Post # 9
It is an extremely stressful process especially if you both are working full time and living in the house while renovations are going on.
Before we moved into the place we are now we did quite a bit of work, with some help: new windows; new tile flooring in kitchen, 2.5 baths, fireplace; hardwood flooring in dining room; carpets throughout; interior paint; light fixtures; remove popcorn ceiling; replace mold-damaged drywall; installed new kitchen appliances. We replaced the knobs on the kitchen cabinets, and I spent three Saturdays cleaning them (they were so nasty) and putting in paper lining.
After we moved in we did the baseboard throughout the house (a real pain in the ass with furniture around), put in new interior doors and redid the framing on each door. One of the bathrooms wasn’t done before we moved in, so hubs did the tile floor, tile around the tub, installed a new vanity and sink and tiled the counter top.
Also, we found out that the second story of the house moves alot and the subfloor wasn’t adequate for the tile we laid down earlier. The kitchen is upstairs and all the grout and tile is coming undone so at some point we have to redo the kitchen floor with a composite tile.
We have alot of landscaping to do in the backyard still and need to repaint the exterior. When the new windows were put in, they had to redo the stucco around them, so we have to paint the whole outside. We also have an upstairs deck that needs to be sanded and repainted.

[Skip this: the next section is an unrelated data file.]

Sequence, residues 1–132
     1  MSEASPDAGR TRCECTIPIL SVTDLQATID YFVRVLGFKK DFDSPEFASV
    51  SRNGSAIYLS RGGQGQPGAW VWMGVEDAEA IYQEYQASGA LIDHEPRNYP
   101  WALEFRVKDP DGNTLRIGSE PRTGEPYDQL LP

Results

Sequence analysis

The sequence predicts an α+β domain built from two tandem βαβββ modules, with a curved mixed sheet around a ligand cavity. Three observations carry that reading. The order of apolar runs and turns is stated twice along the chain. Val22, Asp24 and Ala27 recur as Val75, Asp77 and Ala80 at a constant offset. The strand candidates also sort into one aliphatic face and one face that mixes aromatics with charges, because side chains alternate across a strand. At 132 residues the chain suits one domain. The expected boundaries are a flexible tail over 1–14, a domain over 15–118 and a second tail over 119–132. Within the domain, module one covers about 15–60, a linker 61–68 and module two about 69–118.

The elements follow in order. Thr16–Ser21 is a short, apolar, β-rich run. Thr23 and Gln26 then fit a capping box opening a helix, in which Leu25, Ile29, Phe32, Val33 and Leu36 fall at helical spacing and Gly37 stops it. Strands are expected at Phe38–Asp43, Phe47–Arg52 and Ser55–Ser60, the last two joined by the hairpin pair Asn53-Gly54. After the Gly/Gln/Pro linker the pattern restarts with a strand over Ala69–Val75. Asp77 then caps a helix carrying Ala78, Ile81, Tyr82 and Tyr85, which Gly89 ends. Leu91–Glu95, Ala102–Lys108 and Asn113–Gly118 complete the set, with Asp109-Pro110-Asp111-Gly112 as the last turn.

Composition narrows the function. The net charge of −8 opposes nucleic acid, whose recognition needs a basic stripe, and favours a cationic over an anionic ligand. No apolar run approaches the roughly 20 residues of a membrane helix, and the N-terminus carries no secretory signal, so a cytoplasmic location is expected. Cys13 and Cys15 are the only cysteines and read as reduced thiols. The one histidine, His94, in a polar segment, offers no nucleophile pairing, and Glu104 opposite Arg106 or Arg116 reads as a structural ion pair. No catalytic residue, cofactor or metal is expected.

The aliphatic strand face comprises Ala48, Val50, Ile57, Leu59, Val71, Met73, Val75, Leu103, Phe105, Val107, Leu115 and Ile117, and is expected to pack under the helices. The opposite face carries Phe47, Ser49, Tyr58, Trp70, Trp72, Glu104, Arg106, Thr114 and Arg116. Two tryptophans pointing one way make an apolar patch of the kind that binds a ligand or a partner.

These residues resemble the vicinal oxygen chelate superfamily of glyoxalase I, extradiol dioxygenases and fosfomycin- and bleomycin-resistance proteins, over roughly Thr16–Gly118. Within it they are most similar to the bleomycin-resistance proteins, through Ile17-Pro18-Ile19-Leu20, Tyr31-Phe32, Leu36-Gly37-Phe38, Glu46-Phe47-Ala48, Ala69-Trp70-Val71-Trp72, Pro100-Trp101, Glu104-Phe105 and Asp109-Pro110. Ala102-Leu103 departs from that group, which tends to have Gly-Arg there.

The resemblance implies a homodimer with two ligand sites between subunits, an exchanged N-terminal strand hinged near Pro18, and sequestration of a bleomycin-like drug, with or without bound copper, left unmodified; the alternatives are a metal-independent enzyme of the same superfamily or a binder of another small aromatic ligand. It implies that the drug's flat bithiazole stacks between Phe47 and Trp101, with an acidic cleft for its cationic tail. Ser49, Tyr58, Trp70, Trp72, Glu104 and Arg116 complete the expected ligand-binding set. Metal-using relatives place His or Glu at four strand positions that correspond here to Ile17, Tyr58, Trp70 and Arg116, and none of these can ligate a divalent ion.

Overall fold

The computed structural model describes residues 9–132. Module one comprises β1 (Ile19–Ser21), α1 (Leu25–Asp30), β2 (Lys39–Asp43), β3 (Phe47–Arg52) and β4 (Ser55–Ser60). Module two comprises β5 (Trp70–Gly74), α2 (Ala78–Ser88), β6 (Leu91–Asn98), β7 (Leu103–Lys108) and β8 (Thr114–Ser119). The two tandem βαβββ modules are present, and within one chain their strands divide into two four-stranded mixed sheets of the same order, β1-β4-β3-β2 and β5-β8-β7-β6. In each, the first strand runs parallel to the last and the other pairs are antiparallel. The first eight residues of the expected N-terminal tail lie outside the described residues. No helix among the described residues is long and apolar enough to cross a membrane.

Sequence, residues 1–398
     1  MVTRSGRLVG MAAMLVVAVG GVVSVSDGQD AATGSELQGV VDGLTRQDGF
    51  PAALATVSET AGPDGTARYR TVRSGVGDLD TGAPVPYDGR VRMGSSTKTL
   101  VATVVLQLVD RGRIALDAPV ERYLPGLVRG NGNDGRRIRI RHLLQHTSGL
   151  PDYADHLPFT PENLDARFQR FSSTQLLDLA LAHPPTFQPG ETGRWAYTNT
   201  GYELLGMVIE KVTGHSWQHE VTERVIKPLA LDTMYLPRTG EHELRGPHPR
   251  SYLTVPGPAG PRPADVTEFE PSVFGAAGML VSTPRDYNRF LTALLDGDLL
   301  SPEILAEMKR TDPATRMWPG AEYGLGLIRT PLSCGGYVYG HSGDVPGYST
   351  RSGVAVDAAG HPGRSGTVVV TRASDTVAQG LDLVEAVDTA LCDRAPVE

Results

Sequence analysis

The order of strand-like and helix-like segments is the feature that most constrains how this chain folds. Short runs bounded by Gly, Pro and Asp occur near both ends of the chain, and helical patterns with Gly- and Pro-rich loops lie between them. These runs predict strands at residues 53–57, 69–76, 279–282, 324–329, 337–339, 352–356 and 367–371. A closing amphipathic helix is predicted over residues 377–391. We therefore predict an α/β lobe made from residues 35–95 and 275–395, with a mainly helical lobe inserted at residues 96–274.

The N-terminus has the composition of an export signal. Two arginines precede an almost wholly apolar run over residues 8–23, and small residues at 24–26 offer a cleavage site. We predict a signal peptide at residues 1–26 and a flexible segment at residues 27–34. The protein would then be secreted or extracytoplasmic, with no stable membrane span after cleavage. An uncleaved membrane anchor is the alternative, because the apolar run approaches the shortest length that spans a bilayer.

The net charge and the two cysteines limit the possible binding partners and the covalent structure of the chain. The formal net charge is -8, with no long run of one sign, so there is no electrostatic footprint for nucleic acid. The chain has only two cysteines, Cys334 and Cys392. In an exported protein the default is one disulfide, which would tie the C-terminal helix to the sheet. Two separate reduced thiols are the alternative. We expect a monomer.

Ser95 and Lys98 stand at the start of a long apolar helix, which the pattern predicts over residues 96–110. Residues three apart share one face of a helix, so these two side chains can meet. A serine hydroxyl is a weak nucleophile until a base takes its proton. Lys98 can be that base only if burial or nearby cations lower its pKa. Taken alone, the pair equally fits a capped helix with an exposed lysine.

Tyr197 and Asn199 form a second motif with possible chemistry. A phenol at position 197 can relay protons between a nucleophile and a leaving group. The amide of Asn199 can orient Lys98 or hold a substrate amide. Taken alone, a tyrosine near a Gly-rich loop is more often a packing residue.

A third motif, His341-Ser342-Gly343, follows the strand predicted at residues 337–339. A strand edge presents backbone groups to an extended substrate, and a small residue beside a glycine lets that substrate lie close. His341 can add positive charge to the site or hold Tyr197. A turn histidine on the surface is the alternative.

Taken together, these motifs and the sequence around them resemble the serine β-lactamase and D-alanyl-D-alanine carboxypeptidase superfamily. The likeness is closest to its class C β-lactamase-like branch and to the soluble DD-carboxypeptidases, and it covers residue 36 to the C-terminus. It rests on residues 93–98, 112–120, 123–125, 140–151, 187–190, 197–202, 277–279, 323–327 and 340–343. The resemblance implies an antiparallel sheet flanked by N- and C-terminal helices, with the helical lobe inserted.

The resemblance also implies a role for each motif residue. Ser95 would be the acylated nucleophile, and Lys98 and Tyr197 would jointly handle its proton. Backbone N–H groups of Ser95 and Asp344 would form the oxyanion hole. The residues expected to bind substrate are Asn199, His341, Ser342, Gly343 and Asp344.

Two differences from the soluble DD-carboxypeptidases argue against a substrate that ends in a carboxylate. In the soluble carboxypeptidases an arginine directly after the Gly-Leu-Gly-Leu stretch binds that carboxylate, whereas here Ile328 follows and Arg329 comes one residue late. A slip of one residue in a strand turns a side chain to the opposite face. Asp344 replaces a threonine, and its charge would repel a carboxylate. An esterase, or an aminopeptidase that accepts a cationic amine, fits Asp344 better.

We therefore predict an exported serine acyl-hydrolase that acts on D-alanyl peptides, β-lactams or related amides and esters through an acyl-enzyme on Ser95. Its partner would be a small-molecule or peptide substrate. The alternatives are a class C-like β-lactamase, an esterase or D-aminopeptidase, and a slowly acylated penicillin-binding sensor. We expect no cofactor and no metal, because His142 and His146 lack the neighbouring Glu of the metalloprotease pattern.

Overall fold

For reference, demo started May 2010.
Post # 10
Me! Me! Me! LOL. We’re almost done so I’m very excited!
We are doing an historical rebuild so that has added to a lot of the issues we’ve encountered. Charleston (where we are building) is notorious for being difficult with permits/etc. It’s been a long time coming but it is soooo worth it. We were able to find a really rundown but beautiful home in the exact location I wanted. I haven’t been living there while renovations have been going on which makes my stress level fine. Its been awesome to watch the entire place transform. We have put in significantly more than 100k but that was our choice and really we have saved a lot considering the house 3 doors down just sold for 3.4 million – we are coming in at far less than that but the value will match comparables in the neighborhood 🙂
It’s probably taken a little under 2 years for everything to come together. We expect to be officially and completely moved in in about 2 months!
Post # 11
@Talishazwi: Personally, we feel like it was/is worth it to make it exactly how we wanted it. Plus, the price was just too good to pass up. I guess it all depends on the person/couple, though. Some people prefer move-in condition.